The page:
|Publication number||US5093139 A|
|Application number||US 07/610,194|
|Publication date||Mar 3, 1992|
|Filing date||Nov 7, 1990|
|Priority date||Nov 28, 1989|
|Also published as||CA2004016A1, CA2004016C|
|Publication number||07610194, 610194, US 5093139 A, US 5093139A, US-A-5093139, US5093139 A, US5093139A|
|Original Assignee||Tom Droog|
|Export Citation||BiBTeX, EndNote, RefMan|
|Patent Citations (14), Referenced by (6), Classifications (7), Legal Events (4)|
|External Links: USPTO, USPTO Assignment, Espacenet|
This invention relates to the roasting process and to a product derived therefrom. More particularly, this invention relates to a process of coating roasted seeds contained in a shell, and to roasted, coated shell containing seeds.
There are many known processes and techniques for roasting nuts or kernels such as, for example, those described in Canadian Patents No. 1,213,174 issued Oct. 28, 1986 and Canadian Patent No. 1,235,019 issued Apr. 12, 1988.
In these patents, further reference is made to other United States patents for roasting nuts or seeds --that is, the edible product obtained after removing the shell, husk or skin of a natural product. For the sake of clarity, it will be understood when used in this specification that the term "shell containing seed(s)" refers to a product in which the nut, kernel or the like is contained within the shell or husk, and is not separated therefrom. On the other hand, with reference to the above prior art, such prior art only discloses treatment of the nut or kernel after the shell or husk has been removed.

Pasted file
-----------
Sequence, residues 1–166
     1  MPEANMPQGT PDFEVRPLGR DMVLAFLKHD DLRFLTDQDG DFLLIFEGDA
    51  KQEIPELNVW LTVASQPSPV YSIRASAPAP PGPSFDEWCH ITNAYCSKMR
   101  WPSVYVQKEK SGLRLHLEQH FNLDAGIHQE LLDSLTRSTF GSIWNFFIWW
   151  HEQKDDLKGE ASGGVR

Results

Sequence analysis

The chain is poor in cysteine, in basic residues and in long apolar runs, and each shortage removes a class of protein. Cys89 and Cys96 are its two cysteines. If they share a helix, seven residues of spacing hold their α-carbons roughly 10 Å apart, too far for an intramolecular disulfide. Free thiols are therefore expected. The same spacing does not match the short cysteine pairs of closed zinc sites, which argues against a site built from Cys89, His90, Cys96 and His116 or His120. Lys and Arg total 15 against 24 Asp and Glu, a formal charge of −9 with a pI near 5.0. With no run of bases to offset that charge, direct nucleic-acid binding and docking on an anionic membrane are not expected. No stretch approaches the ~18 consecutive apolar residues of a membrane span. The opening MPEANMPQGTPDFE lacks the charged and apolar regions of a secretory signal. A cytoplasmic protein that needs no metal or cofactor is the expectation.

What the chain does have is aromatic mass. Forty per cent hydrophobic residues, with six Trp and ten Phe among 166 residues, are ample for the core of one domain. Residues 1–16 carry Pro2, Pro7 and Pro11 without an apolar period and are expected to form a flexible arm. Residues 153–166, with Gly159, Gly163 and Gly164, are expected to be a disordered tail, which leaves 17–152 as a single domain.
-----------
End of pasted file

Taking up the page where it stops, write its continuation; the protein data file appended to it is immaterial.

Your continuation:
For general purposes, such as an edible snack, seeds such as sunflower seeds are frequently sold as shell containing seeds where the user has to remove the shell; in many cases, the user will place such sunflower shells containing the seeds in his/her mouth, in order to obtain any flavour of the shell containing seed from the shell itself, and then either chew the shell gently to crack the shell, subsequently remove the edible seed and discard the shell - or alternately, the user will crack the shell manually, and then eat the edible seed.